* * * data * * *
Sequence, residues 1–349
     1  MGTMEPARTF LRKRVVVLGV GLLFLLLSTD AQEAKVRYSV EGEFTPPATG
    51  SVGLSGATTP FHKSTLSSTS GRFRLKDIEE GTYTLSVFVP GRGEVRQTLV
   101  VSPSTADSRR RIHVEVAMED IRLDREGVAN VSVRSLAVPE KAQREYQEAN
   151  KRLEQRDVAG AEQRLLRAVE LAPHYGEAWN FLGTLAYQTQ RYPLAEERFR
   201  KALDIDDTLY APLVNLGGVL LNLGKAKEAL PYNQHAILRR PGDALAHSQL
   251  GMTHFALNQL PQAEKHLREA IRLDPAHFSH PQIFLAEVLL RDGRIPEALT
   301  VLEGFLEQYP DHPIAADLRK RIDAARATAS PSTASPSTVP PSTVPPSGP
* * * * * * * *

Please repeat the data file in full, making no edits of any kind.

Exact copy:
Sequence, residues 1–349
     1  MGTMEPARTF LRKRVVVLGV GLLFLLLSTD AQEAKVRYSV EGEFTPPATG
    51  SVGLSGATTP FHKSTLSSTS GRFRLKDIEE GTYTLSVFVP GRGEVRQTLV
   101  VSPSTADSRR RIHVEVAMED IRLDREGVAN VSVRSLAVPE KAQREYQEAN
   151  KRLEQRDVAG AEQRLLRAVE LAPHYGEAWN FLGTLAYQTQ RYPLAEERFR
   201  KALDIDDTLY APLVNLGGVL LNLGKAKEAL PYNQHAILRR PGDALAHSQL
   251  GMTHFALNQL PQAEKHLREA IRLDPAHFSH PQIFLAEVLL RDGRIPEALT
   301  VLEGFLEQYP DHPIAADLRK RIDAARATAS PSTASPSTVP PSTVPPSGP